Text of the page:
Some animal rescue groups fear countless dogs will starve or be killed if they are denied entry to Canada under a recently announced policy.
This week the This was announced by the Canadian Food Safety Authority that it will bar commercial dogs from entering the country from September 28 – World Rabies Day. A commercial dog is defined as a dog intended for resale, adoption, fostering, breeding, show or exhibition, research and other purposes.
The agency listed more than 100 countries classified as high risk of canine rabies.
Vancouver resident Jenni Baynham and her sister, a Qatar resident pilot, founded Fur Bae Dog Rescue four years ago. They help bring dogs into Canada from the Middle East and additionally help with domestic dog rescues.
Bayham worries about the consequences for dogs who need a second chance.
“Some of the animal shelters we work with in the Middle East can take around 200 dogs. When they can no longer take in dogs, these dogs are hit by cars and starve to death. There’s a lot of atrocity when people just shoot dogs or try to run them over with their cars,” she said.
The nonprofit jumps ensure dogs are vaccinated, microchipped, spayed or neutered before boarding a plane, she told CTV News
“We protect ourselves and our dogs from this [rabies] through vaccination. Pretending it was about rabies has been upsetting to us in the rescue industry,” Baynham said.
The CFIA claims the new measure will help protect the health and safety of people and pets.
“The CFIA has consulted with public health authorities regarding the risk to human health, and it has been determined to be significant enough to justify the implementation of an action to prevent the introduction of canine rabies into Canada,” wrote a spokesman for the authority made a statement.
“With commercial dog imports increasing 400 percent in recent years, the introduction of canine rabies poses a serious health risk to Canadians and their pets. While rabies vaccine is very effective at preventing rabies in dogs, it does not guarantee protection, it does.” unless the dog is vaccinated appropriately and regularly,” the email continued.
MOVE APPROVED BY THE VET
The news comes amid an already ongoing push to better regulate the animal rescue industry.
Last year there were two cases of canine rabies in Ontario. There was also a recent case of brucellosis in a rescue dog in Vancouver.
dr Adrian Walton, a veterinarian at Dewdney Animal Hospital, said he supports the CFIA’s decision. Not only have there been cases where vaccination documents have been falsified, he says, but sometimes vaccination alone cannot prevent the disease.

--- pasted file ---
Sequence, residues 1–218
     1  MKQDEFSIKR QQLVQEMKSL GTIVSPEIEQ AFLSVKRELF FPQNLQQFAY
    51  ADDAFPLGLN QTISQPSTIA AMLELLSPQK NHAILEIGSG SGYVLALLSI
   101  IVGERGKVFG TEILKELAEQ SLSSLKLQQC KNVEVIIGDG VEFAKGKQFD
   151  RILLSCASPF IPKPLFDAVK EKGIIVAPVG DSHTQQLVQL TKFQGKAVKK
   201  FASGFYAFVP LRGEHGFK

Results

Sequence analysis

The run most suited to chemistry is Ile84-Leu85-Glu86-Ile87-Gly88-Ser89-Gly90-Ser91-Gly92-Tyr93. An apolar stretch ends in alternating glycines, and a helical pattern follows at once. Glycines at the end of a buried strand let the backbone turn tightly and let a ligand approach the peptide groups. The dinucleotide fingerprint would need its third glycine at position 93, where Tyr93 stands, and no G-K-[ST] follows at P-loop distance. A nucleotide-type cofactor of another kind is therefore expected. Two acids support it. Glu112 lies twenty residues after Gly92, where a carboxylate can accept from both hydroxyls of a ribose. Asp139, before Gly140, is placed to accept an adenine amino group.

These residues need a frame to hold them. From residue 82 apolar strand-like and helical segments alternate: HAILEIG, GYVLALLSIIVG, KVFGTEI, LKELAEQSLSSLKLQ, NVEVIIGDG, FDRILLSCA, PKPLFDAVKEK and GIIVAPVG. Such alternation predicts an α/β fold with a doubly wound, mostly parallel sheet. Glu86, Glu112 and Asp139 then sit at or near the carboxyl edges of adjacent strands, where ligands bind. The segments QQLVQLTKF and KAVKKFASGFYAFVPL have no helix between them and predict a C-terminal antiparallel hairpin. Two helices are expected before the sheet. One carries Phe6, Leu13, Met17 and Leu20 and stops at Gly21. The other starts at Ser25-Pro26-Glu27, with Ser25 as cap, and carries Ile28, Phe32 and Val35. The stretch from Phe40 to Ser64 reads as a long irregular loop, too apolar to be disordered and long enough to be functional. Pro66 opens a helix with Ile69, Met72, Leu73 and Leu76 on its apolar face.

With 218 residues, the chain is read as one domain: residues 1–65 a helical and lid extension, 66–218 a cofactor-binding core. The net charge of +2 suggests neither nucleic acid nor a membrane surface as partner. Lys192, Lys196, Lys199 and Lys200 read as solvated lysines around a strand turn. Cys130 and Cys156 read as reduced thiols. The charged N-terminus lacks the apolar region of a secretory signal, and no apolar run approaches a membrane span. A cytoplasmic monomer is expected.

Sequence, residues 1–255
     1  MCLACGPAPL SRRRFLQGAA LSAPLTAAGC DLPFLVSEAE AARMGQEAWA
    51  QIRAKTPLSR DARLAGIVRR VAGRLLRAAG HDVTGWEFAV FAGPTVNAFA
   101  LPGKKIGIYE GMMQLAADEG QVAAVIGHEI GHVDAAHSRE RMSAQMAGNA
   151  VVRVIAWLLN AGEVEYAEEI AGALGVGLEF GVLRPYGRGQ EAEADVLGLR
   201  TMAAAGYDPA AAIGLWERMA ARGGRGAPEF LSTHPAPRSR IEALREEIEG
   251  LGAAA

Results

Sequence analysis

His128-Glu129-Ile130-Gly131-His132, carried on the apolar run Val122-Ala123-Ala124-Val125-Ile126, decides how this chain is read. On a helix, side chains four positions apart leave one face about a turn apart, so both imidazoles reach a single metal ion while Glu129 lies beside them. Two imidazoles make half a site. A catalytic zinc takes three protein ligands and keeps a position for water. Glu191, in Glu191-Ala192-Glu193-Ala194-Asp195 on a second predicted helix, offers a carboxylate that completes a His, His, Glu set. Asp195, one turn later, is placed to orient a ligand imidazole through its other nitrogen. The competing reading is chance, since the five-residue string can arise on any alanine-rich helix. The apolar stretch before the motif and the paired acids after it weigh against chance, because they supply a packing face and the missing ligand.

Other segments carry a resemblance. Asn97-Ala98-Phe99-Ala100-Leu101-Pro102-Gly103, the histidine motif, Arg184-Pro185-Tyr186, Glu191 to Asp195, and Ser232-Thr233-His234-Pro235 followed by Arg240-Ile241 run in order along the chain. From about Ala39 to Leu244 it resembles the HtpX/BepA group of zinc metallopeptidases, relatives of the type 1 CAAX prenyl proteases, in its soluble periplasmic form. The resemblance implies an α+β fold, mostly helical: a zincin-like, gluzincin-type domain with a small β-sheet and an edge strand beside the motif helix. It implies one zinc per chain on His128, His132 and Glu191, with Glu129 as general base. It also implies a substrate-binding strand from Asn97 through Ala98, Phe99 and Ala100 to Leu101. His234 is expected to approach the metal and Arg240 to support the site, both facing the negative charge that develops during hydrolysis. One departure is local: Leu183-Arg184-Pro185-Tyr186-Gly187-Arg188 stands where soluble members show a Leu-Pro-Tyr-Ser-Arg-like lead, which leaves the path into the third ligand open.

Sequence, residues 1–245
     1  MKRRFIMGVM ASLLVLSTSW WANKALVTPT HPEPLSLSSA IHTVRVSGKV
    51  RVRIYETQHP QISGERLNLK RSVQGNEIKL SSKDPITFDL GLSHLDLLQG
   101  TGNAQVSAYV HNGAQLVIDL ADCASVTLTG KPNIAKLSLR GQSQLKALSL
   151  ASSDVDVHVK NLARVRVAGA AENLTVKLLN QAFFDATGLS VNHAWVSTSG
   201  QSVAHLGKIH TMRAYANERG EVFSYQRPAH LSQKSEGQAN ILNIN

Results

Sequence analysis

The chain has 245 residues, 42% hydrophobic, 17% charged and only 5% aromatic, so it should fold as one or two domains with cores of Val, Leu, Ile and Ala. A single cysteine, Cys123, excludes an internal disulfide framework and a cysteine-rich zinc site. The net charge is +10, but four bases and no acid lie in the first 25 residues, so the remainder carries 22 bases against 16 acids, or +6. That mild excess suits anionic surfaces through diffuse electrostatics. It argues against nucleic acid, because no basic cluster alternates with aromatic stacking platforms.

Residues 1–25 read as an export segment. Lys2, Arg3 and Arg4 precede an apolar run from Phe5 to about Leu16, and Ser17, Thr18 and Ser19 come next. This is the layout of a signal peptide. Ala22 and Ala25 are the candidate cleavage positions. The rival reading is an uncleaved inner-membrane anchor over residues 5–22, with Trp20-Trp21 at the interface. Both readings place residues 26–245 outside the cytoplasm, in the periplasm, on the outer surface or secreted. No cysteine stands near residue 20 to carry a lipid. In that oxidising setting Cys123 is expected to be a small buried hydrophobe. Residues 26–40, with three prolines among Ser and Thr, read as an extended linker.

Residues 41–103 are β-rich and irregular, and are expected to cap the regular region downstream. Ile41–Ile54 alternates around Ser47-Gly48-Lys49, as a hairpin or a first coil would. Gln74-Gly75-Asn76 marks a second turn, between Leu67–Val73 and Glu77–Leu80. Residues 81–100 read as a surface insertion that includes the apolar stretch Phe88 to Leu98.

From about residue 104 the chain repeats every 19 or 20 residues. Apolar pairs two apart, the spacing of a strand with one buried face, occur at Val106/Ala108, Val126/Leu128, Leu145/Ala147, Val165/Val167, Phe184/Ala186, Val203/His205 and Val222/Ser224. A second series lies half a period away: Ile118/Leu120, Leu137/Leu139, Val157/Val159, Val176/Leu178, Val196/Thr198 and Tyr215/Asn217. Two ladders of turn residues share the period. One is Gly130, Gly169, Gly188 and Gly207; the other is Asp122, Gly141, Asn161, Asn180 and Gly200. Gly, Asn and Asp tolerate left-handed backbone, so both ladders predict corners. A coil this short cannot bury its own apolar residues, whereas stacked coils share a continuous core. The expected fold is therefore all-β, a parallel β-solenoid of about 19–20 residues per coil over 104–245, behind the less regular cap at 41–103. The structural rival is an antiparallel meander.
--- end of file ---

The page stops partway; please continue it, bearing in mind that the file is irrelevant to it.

“If you’re in a country where canine rabies is endemic, there’s no way to prevent rabies from coming into that country, even if you get vaccinated,” he said. “It could already be rabid, and it can take up to a month to six months for its animal to show clinical signs.”
dr Walton said by then it will be too late for humans.
“Unfortunately, that means a death sentence for anyone infected with rabies,” he said.
“Nobody wants to stop rescued animals from overseas coming into the country. We want to find a way for them to get into the country safely.”
ANIMAL WELFARE GROUP SUPPORTS BAN
Animal welfare group Paws for Hope also agrees that the new measure will be a step in the right direction.
Kathy Powelson said she had called for more oversight of the industry because there had been some questionable bailout practices.
“If animal rescues were practiced responsibly and all necessary health checks, health protocols and quarantine were completed before the animal entered the country, as well as quarantine on landing in the country before it was put up for adoption or sale, I wouldn’t do it. I don’t think that would be necessary,” she said.
She said since COVID-19 restrictions were eased, animal shelters are full of animals looking for homes and there is no need to adopt from overseas.
She said people can still help animals abroad by supporting local organizations.
“We want spaying and neutering programs. We want mass vaccination and rabies programs in these communities. And we want to work with community members to discuss why there is such massive dog overpopulation or abuse. Just transporting them abroad doesn’t solve the problem — it’s kind of a patch-aid solution,” she said.
The United States Centers for Disease Control issued a similar ban last summer.
Three weeks ago it changed the policy include exceptions and now welcomes dogs from high-risk countries, provided they meet certain vaccination and quarantine criteria.
Camille Labchuk, an attorney and founder of Animal Justice, wants Canada to have similar exemptions for rescue organizations and humanitarian efforts.
“It can be addressed through testing, it can be addressed through quarantines and other measures that I know rescue workers are only too happy to comply with. So what’s confusing is that the CFIA hasn’t done the work to consult with emergency responders and find solutions,” Labchuk said.
She started one Petition in support of thiswhich she believes has already collected more than 12,000 signatures.
Since the measure will only come into force in a few months, she also vowed not to stop fighting for the animals.
“We are working with the dog rescue community and will be actively reaching out to the CFIA to see what can be done to ensure dogs are not paying the price for these efforts,” she said.